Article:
Traditionally, boarding schools don’t have much of a reputation for nurturing young artistic types. This was not the case for the Belgian theatre director Ivo van Hove—but then, he has never been the type to follow tradition. He loved boarding school. It was where he discovered the theatre.
He did not, however, manage to carry this early passion for educational institutions into law school. It wasn’t that he hated it. In fact, he found it quite useful. “You have philosophy, psychology, Roman law,” he explains. “It brought me a lot–even bookkeeping.” Destined to be neither lawyer nor bookkeeper, one day, whilst sitting in the library, he decided to leave. “I made this split decision: ‘I don’t want this.’” To the vexation of his parents, he transferred to an arts college and began to carve out a career that has, over the decades, been defined by a startling temerity, and a dogged determination to thwart expectation.
Famously, his staging of A Streetcar Named Desire caused quite a stir on Broadway, provocatively featuring a bathtub and copious amounts of nudity. In London, he is best-known for his Olivier-award winning version of A View From a Bridge which, set in a low-lit boxing ring, heaved with a raw physicality. And this December, Van Hove will direct Patrick Marber’s contemporary interpretation of Ibsen’s Hedda Gabler at the National theatre, with Ruth Wilson in the titular role.
Clearly keenly impulsive—and decisive—Van Hove chooses his projects instinctively. “I always follow my heart,” he says, which usually beats to the rhythm of Ibsen, Miller and Shakespeare. “They talk about the very basic things, the good texts. They still resonate with us today because they are deeply rooted in our existence.”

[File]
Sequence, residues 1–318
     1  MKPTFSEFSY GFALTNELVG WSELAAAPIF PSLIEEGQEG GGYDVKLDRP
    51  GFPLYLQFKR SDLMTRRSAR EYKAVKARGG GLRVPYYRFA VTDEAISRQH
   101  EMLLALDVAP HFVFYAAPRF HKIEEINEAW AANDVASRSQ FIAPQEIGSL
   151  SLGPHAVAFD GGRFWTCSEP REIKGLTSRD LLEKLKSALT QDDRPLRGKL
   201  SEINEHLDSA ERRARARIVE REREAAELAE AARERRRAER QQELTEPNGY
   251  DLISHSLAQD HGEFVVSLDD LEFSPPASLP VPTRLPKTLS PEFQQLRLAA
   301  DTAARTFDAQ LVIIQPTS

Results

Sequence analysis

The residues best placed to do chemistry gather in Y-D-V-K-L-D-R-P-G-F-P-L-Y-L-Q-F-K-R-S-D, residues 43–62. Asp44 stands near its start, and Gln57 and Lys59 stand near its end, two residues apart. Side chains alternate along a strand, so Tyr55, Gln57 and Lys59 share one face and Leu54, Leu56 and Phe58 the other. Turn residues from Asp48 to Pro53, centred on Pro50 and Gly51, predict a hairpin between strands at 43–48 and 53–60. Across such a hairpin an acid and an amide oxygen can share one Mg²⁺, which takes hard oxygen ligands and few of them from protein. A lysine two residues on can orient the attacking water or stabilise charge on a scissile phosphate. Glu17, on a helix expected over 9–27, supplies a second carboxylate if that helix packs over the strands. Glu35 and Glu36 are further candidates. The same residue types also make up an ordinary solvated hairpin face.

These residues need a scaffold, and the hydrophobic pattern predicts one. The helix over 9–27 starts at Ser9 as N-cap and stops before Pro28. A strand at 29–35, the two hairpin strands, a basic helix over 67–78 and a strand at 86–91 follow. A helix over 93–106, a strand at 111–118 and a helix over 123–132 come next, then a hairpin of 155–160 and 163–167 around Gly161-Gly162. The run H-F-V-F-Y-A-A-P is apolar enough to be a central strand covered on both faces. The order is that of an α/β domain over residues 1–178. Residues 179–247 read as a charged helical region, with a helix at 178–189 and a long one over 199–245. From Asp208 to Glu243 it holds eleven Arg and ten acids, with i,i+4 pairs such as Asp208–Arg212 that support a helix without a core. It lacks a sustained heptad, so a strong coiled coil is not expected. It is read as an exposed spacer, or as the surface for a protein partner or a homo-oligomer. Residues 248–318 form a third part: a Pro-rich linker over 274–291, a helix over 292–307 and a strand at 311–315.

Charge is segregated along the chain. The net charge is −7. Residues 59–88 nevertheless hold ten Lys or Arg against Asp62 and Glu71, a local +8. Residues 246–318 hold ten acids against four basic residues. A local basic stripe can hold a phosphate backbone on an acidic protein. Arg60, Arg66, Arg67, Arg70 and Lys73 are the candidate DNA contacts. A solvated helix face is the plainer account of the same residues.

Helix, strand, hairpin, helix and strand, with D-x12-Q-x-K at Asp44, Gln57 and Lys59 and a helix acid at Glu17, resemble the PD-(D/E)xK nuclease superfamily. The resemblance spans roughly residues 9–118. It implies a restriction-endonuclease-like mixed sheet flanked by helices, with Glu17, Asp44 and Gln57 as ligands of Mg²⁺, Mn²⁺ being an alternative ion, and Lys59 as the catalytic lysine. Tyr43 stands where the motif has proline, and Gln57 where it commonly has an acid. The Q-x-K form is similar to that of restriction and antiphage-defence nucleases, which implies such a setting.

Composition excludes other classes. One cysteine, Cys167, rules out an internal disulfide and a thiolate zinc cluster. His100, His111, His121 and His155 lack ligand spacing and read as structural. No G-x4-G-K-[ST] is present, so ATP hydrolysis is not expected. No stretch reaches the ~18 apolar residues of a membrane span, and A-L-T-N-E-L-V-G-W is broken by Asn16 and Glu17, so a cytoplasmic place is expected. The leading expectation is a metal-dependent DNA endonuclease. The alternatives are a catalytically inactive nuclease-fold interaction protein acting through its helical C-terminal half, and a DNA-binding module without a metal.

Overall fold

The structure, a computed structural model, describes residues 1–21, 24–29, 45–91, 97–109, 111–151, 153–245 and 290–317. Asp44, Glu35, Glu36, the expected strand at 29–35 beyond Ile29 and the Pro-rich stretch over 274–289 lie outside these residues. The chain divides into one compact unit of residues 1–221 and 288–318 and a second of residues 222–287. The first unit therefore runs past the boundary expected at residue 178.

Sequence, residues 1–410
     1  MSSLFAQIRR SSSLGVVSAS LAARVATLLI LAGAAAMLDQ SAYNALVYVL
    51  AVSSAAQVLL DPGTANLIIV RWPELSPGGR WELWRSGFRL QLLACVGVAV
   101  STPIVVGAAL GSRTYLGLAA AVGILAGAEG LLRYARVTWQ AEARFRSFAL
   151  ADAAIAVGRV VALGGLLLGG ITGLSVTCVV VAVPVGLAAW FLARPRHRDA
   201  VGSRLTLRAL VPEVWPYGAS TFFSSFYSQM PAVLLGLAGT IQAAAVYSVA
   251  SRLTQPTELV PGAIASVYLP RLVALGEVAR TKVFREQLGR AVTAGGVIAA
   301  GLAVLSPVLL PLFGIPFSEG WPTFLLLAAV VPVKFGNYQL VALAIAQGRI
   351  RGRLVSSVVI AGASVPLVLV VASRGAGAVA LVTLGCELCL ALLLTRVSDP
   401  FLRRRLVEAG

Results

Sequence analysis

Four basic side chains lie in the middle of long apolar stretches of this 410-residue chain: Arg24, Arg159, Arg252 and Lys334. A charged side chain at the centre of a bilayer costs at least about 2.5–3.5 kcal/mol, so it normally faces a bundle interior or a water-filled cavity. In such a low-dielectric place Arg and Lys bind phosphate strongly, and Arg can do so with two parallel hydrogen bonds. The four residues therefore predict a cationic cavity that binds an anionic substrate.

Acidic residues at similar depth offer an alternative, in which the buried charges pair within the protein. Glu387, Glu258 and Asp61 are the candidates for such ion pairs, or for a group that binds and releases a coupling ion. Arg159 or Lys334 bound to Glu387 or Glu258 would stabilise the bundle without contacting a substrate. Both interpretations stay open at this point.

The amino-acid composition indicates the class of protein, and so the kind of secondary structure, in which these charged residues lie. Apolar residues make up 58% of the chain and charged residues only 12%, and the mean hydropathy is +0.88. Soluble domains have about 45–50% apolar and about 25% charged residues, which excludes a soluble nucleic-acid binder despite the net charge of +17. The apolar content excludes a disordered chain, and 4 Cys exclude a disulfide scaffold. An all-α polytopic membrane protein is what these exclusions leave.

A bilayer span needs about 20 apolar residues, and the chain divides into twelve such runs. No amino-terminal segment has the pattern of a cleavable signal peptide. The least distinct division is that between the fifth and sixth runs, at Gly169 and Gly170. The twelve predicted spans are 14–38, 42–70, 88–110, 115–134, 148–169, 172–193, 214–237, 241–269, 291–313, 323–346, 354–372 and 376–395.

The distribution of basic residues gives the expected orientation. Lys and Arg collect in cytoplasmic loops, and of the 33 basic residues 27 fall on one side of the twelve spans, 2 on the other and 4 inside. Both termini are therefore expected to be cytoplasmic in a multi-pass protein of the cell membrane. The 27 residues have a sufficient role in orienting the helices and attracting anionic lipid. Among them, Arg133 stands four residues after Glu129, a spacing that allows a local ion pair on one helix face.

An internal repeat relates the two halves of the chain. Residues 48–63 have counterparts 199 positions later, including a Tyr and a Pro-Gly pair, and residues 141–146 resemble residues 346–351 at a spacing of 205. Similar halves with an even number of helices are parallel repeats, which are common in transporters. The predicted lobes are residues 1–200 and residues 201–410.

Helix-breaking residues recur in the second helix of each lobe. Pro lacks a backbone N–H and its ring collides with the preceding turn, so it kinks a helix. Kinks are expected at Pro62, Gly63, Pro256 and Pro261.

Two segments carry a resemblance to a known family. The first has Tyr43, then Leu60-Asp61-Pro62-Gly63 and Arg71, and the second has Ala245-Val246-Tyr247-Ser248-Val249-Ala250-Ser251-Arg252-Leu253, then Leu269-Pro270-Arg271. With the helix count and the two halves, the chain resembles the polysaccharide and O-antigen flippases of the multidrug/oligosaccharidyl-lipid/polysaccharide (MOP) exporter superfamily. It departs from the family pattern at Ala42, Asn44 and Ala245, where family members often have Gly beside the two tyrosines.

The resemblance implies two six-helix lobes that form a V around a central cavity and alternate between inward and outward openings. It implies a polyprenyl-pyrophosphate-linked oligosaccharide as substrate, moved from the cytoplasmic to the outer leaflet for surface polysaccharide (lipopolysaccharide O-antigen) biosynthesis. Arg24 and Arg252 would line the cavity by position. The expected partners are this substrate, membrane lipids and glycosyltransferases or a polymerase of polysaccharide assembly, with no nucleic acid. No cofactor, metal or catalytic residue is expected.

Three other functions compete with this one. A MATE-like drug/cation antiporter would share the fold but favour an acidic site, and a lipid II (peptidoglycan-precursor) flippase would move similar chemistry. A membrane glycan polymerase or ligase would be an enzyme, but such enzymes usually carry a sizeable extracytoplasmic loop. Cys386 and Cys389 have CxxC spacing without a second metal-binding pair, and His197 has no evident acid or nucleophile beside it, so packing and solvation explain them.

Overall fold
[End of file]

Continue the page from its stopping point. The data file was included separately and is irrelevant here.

His skill lies in his deft ability to take these classic plays and stretch them, relentlessly, until they yield new meaning. “Listen,” he says, conspiratorially. “The purity of the text is an illusion, it’s not possible.” He offers an example. In workshops, he will give his actors an expression as simple as ‘I love you’. They never say it in the same way twice. “Even with the smallest of phrases, three words, there can be tons of interpretation.”
Ivo Van Hove
Hedda Gabler offers Van Hove even more of a challenge—or an opportunity, depending on which way you look at it—than normal. He has already staged the play once, in New York, back in 2004. Surely it must be hard to find new meanings and modes of expression beyond those one has already created?
Van Hove does not seem worried. “It’s a play with so much to discover.” Unfolding against the backdrop of nineteenth-century Norway, the tragedy tells the tale of a fiery, frustrated woman hemmed in by her dreary surroundings. Over a century later, and Van Hove sees her story being played out, over and over again. “Still today, women—and other people—don’t get all the opportunities that men do.” But Hedda’s hamartia, her fatal flaw, is that she is complicit in the system she abhors: “She is addicted to luxury.” Furiously destructive, Van Hove sees Hedda as an enduring metaphor for our times. “You see a soul in deep crisis,” he says. “She’s a very complicated person, and I think that’s what draws people to theatre, to see these kind of characters.”—Isobel Thompson
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